By Al Mattei
Founder, TopOfTheCircle.com

It happens all too often in high-school field hockey games.

A long, loud whistle is blown by the game official, and a player is slumped down or doubled over, holding her jaw or face.

And very often, the player who wound up hitting the other with her stick is looking befuddled at her coach or the umpire, as if to say, "Where did she come from?"

And therein is the problem.

The assignment of blame for head injuries in field hockey has gone from rulesmaking committees and the governing bodies of the sport to American courtrooms.

Lawsuits, or the mere threat of them, have made three states -- Connecticut, Massachusetts, and Rhode Island -- adopt mandatory protective eyewear. Litigation has also made the school district of Marshwood in South Berwick, Maine put goggles on its players as well.

The drumbeat of eyewear proponents -- judge-shopping doctors, equipment manufacturers, and trial lawyers -- led to a 2005 vote on mandatory eyewear on the part of the National Federation of State High School Associations.

The vote, as reported to TopOfTheCircle.com, was 6 to 2 against the resolution. But that means that only three minds need to be changed in order to put in force mandatory eyewear, even against the overwhelming sentiment of more than 2,100 American secondary schools and universities.

But the eyewear debate has thus far failed to address both prevention as well as fault. In other words, when it comes to preventing head injuries, with whom does the responsibility lie? Is it with the attacker to not hit the ball too hard? Is it with the umpire to blow play dead when a collision is imminent? Is it with administrators to provide a smooth competition surface?

But if you ask those adults who are around the most action -- field hockey umpires -- there is one responsibile party which is too often forgotten: the defender.

"The way it is looked at in most places in the United States, the defender can stand wherever she wants to stand, and they get protection from the attackers, so the attacher is prevented from doing things legitimately in the game, because there is an opponent in line with the ball, in the area the swing's going through, et cetera," says Steve Simpson, assistant coach at the University of Massachusetts who is also an FIH-rated umpire. "That's not the way it is in the rest of the world, or where it should be."

"In all circumstances, the onus is on the players to play safely. But the most important person, regarding safety, is the coach," says Cris Maloney, umpire manager for the Field Hockey Umpires' Association of central New Jersey. "The second-most important is the players. That is where coaching happens; sometimes where players learn to be unsafe. It is the umpire's job not to worry about safety, but the application of the rules."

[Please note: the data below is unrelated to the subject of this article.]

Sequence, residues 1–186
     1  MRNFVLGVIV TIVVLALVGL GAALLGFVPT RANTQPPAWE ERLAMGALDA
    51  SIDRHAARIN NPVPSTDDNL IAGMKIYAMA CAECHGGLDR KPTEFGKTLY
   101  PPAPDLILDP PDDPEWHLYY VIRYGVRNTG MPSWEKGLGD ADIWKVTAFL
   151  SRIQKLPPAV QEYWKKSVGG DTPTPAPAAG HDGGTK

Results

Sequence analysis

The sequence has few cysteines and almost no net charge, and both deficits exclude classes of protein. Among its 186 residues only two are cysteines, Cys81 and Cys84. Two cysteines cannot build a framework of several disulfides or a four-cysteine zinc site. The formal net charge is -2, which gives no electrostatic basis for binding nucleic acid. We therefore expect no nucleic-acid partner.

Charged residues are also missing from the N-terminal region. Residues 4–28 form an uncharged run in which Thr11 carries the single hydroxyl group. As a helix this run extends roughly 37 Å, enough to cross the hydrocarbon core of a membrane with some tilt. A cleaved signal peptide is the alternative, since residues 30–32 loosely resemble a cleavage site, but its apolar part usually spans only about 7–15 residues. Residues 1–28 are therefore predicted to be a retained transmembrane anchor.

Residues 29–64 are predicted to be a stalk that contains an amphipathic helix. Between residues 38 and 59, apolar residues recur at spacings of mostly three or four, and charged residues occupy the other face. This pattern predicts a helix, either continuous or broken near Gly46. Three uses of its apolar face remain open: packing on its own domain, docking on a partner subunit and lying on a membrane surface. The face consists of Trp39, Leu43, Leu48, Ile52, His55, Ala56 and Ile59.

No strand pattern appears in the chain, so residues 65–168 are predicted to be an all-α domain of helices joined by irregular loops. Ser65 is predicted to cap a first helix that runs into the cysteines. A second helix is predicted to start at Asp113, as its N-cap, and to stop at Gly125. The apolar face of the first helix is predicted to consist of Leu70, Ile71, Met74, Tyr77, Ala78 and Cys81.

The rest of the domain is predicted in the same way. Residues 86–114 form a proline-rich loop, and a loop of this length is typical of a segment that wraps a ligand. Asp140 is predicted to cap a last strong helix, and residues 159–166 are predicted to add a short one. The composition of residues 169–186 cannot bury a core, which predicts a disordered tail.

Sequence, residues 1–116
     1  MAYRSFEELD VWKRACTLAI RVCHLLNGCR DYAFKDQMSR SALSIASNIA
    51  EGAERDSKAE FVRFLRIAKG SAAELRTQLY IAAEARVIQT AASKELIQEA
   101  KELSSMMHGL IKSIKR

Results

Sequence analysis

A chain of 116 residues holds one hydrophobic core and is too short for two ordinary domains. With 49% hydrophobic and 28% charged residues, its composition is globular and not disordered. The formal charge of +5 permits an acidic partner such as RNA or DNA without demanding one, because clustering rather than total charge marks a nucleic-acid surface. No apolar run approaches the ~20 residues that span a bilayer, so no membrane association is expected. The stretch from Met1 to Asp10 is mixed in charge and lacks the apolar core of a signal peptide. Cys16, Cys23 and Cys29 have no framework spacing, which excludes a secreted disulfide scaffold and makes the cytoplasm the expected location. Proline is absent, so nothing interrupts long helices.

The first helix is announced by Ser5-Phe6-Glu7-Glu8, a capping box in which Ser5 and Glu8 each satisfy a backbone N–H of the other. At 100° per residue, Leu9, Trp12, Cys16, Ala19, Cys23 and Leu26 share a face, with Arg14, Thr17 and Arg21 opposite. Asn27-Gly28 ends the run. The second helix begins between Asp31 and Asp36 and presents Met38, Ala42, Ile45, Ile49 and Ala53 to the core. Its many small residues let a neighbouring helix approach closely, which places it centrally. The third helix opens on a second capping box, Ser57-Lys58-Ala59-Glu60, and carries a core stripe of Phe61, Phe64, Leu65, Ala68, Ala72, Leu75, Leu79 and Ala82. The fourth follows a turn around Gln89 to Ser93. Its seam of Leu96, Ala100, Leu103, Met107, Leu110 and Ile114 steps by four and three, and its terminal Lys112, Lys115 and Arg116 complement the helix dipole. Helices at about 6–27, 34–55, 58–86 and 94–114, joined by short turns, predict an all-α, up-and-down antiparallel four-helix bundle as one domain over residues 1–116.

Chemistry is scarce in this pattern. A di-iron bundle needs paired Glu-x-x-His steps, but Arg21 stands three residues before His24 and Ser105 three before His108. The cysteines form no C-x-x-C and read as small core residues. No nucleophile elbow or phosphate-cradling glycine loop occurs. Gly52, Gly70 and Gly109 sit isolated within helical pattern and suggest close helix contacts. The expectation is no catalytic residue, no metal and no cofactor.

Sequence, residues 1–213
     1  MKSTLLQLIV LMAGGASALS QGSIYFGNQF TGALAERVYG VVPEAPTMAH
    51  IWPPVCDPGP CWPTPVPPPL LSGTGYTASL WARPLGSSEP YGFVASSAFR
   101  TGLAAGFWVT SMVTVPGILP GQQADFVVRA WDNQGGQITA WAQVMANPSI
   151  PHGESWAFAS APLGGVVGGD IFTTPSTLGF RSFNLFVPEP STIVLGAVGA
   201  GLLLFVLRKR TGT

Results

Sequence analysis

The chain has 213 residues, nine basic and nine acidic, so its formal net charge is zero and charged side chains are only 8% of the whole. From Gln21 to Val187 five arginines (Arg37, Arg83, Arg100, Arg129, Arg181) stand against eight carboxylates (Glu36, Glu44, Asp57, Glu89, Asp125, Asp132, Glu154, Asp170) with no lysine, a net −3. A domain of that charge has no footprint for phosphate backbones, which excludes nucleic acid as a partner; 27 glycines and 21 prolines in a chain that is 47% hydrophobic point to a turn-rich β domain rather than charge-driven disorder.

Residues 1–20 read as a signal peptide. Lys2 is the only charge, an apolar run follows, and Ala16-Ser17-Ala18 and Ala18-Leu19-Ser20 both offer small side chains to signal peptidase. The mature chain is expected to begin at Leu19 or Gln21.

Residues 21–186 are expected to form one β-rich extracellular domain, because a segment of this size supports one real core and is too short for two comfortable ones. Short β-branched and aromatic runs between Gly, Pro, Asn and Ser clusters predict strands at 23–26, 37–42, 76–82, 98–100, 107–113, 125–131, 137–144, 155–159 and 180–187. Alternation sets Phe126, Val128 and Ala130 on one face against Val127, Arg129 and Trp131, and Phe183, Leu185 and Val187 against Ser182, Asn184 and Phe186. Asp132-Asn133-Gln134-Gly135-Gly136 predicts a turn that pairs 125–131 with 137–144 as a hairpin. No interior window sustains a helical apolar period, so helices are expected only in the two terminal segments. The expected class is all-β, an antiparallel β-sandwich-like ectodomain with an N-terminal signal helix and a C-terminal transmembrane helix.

Indeed, the concept of "dangerous play" when it comes to the uncontrolled follow-through of a stick has been one of the thorniest problems in the last 35 years. It used to be that a "sticks" call would be whistled on players who had the temerity to end their backswing above their knees.

But as the rules have opened up as well as the game, sticks are coming up higher on the follow-through, players with strong drives are valued by high-school coaches more than players with good skills, and head injuries have become more prevalent and occasionally, more severe.

The Pennsylvania Field Hockey Coaches' Association includes an eye-opening list of some 35 head injuries voluntarily reported by its membership for the 2004 season. It includes injuries to the jaw, nose, and cheek -- injuries that would not be protected with the goggles proposed for use in 2005.

It is hard to break these injuries into any sort of "fault" or "no fault" categories without actually seeing the incidents on tape. However, it is interesting to note that half the reported injuries are from the stick swing, something which can be ameliorated with awareness of the danger of being in the wrong place.

"If I go into the circle as a forward, and as a defender, you're endangering yourself, the way the game is taught dictates that I can't do a whole range of things that players in other countries, players are used to doing," Simpson says. "Our defenders and our goalies aren't ready for shots coming because Americans just don't shoot that shot: they fiddle with the ball for longer to get out of the way of a defender. The defender's responsibility is to not to be there, so if I take the shot that is there for me in the game, and I hit the defender because he's standing there, that's their problem. I'm allowed to shoot, and the follow-through is going to go there."

Incredibly, there are some groups of umpires who would rather recognize the situations in which danger could occur, stop the game, and award a free hit before the stick is swung. But the speed of the game is changing that attitude amongst the umpires.

"The ultimate responsibility of the umpire is not safety. It's fairness, and to enforce the rules," Maloney says. "In a perfect world, it should not fall to an individual umpire's or a group of umpires' interpretation."

In a litigious society where eyewear is already in place in some parts of the country, it is hard to convince coaches to get players to play safely without the proper baseline of education, and to get field hockey players and coaches to think that the umpire is the only protection they have against dangerous play.

"Without opinion, there isn't danger until the danger happens, and that's a pretty slippery slope," Maloney says. "Dangerous play isn't allowed under any circumstances."

NOTE: The Right To Right Is Right program is designed to help players, coaches, and administrators in maintaining a safe and injury-free environment for all field hockey participants. However, participants in any sport should be aware of the inherent risk of injury.